Online gaming is turning into an addiction these days. According to recent studies, 6 to 15% of gamers show symptoms that can be classified as an addiction. The negative effects of video game addiction can be very severe, just like any other compulsive disorder. As the internet has grown and more Indians are using it, the likelihood of being exposed to violent content has increased. Online gaming is one of the many categories that online gaming platform intermediaries provide, and it is becoming more popular among children and teenagers in India.
As a result of this, legislators posted several questions on the Lok Sabha’s official website regarding the government’s plans for dealing with excessive internet gaming and the potential effects that violence-abetting video games may have on the country’s children and teenagers. In response, the state minister of electronics and IT, Mr. Rajeev Chandrasekhar, delivered a statement saying there are no plans to regulate how long people in India can play online games. India seems not to follow China’s lead in banning the gaming industry. The dangers that online gaming poses are something that Mr. Chandrasekhar claimed the Indian government is also aware of.
No Laws would be Passed
Vishnu Datt Sharma and Bhagirath Choudhary questioned the Minister on the government’s awareness of how many online games are robbing the younger generation of their time and turning them into gambling addicts, which costs the youth and their parent’s money. Responding to the numerous questions, Mr. Chandrasekhar said that until gaming companies abide by the information technology regulations of 2021 and ensure that no harm is being done to children, no laws will be created to control the gaming industry.
They questioned Mr. Chandrasekhar on whether the government intended to address the problems related to online gaming and whether it intended to set a weekly time limit for players under the age of 18 of three hours. The Minister stated that the regulations place a crucial responsibility on intermediaries to exercise due diligence by taking reasonable steps to ensure that their users do not host, display, publish, transmit, or share any information that could be harmful to children, enflame criminal activity, promotes gambling, or break any currently in effect laws. Also, important social media intermediaries- those with more than 50 lakh Indian users – must designate a Chief Compliance Officer and a nodal contact for round-the-clock communication with law enforcement agencies.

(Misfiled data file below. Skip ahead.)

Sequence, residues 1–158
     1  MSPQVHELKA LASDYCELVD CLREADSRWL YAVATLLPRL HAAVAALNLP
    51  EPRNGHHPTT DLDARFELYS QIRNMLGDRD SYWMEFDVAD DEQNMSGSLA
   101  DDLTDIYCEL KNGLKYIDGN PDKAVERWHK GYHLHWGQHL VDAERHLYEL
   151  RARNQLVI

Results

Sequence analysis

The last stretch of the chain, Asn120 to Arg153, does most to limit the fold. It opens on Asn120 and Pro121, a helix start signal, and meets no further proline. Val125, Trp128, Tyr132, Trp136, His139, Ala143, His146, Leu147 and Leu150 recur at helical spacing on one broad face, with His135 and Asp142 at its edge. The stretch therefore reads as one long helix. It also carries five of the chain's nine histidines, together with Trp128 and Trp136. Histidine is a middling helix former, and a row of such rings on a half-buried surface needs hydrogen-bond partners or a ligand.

A Different Outlook
India presently has no plans to limit the time people, including children, spend playing games online, differing from its neighbour China, which last year shocked the local gaming industry by enacting harsh new regulations. Chandrasekhar asserted that the government is aware of the risks and problems related to online gaming, such as addiction, violence, and financial loss. Still, he stressed that the country’s IT rules require intermediaries to undertake due diligence.
Many countries worldwide have implemented or are contemplating limiting how much time children can spend playing video games. Due to this pressure, game makers are reducing their attempts to make in-game child purchases profitable. This year, game developers were found to be preying on vulnerable audiences by using flashy advertisements and other deceptive tactics to sell them in-game items, or loot boxes, according to a paper co-sponsored by consumer associations in over fifteen countries, including France, Germany, Italy, and Spain. As a result, almost 200 apps with direct or indirect ties to China were subject to a broader crackdown that included the prohibitions.
This measure of not restricting playtime in India is in stark contrast to what China did, which includes limiting kids’ gaming time to one hour per school day and establishing stricter regulations for releasing new games. These regulations destroyed China’s game industry, which had titans like Tencent and NetEase. According to the Online Gaming Sector in India, the laws put in place by the government are designed to ensure that everyone has access to a reliable, open, and accessible internet.